City of San Diego budget expands beautification initiative

NEWS // July 25, 2019

City of San Diego budget expands beautification initiative

City of San Diego News Release 

As a part of their commitment to keeping neighborhoods clean and safe, the City of San Diego‘s Fiscal Year 2020 Budget lays out a plan to significantly expand the popular “Clean SD” program to remove trash and debris from communities across the city.

The City of San Diego will expand the program citywide and plan to include the hiring of a second shift of crews to enact litter removal on a 24/7 basis. The City’s budget more than doubles funding for the program by adding $6.5 million – for a total of more than $10 million annually in cleanup efforts.

“We’re restoring pride back in our neighborhoods with every cleanup job, and now we’re investing more resources into ‘Clean SD’ so we can do even more for our communities,” said Mayor Kevin L. Faulconer. “San Diegans deserve nothing less than to have clean and safe public spaces to enjoy and this budget delivers on that commitment in a big way for neighborhood residents.”

Initially launched in May 2017, the “Clean SD” program is an aggressive cleanup effort to keep neighborhoods, public spaces, canyons and riverbeds free and clear of trash and debris. City and Urban Corps crews respond to complaints received through the City’s Get It Done application, and have removed litter from “hotspots” in Ocean Beach, City Heights, San Ysidro, Logan Heights, Paradise Hills, Webster and Mount Hope, Mission Beach, Point Loma and Pacific Beach – neighborhoods with  historically high levels of illegal dumping activity.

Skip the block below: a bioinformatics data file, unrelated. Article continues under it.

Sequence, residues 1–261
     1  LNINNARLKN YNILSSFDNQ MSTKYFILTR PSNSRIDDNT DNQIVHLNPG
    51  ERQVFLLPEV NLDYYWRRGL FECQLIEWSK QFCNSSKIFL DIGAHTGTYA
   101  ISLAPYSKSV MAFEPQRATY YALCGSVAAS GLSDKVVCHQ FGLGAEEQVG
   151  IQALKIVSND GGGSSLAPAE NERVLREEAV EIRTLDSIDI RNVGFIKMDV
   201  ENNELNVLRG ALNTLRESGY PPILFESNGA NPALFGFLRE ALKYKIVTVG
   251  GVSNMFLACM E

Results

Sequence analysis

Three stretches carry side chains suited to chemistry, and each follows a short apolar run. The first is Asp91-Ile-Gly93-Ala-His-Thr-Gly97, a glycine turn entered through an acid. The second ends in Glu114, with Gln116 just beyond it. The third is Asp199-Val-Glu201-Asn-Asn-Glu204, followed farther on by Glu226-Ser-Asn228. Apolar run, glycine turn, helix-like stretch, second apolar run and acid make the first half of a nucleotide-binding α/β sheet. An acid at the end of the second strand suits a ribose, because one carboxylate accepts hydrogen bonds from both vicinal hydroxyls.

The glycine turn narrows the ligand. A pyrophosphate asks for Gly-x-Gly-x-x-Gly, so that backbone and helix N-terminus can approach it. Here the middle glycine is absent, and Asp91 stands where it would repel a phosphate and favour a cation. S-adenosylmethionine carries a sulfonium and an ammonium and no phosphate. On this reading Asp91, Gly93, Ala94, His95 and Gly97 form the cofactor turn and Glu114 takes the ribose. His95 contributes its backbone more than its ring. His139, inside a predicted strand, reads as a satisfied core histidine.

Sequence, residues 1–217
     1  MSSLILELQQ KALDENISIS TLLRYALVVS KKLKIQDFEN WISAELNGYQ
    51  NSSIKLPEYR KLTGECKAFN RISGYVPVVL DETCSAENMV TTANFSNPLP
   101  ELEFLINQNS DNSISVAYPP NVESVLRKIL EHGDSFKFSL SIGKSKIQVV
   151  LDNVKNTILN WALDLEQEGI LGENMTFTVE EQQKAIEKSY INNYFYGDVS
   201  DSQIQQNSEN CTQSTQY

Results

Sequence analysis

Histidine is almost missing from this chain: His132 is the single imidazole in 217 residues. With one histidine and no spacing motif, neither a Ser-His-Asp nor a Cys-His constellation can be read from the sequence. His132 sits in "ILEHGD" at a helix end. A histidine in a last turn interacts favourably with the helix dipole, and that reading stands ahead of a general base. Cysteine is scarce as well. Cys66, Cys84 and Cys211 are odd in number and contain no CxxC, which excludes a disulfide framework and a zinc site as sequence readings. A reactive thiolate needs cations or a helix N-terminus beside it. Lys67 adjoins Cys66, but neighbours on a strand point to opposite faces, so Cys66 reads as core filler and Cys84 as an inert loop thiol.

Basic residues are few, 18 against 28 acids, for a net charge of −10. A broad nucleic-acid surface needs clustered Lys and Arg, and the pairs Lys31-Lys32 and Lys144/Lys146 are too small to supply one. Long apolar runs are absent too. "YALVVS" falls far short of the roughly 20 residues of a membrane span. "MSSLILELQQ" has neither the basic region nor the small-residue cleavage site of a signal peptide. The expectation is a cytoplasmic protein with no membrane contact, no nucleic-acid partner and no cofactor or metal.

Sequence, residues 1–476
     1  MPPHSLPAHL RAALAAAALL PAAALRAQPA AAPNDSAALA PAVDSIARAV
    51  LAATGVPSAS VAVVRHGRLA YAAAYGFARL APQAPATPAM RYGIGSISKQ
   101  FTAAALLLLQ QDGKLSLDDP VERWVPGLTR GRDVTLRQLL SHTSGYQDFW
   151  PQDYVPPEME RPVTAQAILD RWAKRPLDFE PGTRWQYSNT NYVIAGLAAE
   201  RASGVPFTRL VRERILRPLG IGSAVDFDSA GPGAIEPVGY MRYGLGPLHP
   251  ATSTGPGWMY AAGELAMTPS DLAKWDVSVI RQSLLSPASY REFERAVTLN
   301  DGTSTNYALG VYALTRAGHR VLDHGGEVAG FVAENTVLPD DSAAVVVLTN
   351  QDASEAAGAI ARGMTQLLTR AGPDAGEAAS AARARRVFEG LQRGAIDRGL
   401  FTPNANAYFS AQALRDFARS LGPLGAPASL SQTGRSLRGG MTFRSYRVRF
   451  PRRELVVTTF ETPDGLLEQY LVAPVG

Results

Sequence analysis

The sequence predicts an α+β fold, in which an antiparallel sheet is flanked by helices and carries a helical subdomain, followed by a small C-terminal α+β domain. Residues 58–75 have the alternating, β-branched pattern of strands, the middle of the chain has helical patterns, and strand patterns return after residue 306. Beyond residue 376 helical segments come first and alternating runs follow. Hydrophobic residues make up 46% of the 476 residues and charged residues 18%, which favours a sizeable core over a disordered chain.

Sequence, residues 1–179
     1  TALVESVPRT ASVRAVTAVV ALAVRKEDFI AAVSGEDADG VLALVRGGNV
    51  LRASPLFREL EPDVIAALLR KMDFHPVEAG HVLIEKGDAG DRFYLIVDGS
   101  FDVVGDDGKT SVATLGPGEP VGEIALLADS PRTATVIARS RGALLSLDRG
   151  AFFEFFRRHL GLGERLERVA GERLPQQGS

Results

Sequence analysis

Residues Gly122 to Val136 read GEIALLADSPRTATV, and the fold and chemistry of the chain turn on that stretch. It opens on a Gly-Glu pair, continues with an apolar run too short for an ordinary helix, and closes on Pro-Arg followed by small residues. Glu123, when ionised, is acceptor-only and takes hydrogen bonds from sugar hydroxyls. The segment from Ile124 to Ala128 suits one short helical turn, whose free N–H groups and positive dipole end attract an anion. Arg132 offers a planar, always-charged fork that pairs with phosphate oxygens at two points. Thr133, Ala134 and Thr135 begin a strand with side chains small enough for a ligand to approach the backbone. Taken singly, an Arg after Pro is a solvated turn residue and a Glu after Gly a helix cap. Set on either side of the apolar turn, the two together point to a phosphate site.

In partnership with the San Diego River Park Foundation, the City has also targeted land along the San Diego River. The City  owns about one-third of the property along the river with the other two-thirds being privately-held by several businesses and other government agencies. Cleanup efforts along the river reduced the number of homeless encampments by 90 percent.

The “Clean SD” initiative also includes canyons to help reduce the risk of wildfires and materials that could cause them to spread more easily after they spark. Since its inception, crews have already removed over 3,600 tons of debris, including:

  • 7,200 mattresses and box springs
  • 2,100 shopping carts
  • 900 tires
  • 550 appliances

This article was originally published in City of San Diego’s online newsroom, read full article here: